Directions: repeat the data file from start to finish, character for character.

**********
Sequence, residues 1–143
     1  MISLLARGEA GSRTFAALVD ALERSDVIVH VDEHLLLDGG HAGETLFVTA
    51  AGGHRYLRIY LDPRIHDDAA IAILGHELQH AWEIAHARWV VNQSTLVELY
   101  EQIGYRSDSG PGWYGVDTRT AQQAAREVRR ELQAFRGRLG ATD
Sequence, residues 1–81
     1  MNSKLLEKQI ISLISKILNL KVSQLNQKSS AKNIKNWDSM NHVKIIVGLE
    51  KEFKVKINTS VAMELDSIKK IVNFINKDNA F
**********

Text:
Sequence, residues 1–143
     1  MISLLARGEA GSRTFAALVD ALERSDVIVH VDEHLLLDGG HAGETLFVTA
    51  AGGHRYLRIY LDPRIHDDAA IAILGHELQH AWEIAHARWV VNQSTLVELY
   101  EQIGYRSDSG PGWYGVDTRT AQQAAREVRR ELQAFRGRLG ATD
Sequence, residues 1–81
     1  MNSKLLEKQI ISLISKILNL KVSQLNQKSS AKNIKNWDSM NHVKIIVGLE
    51  KEFKVKINTS VAMELDSIKK IVNFINKDNA F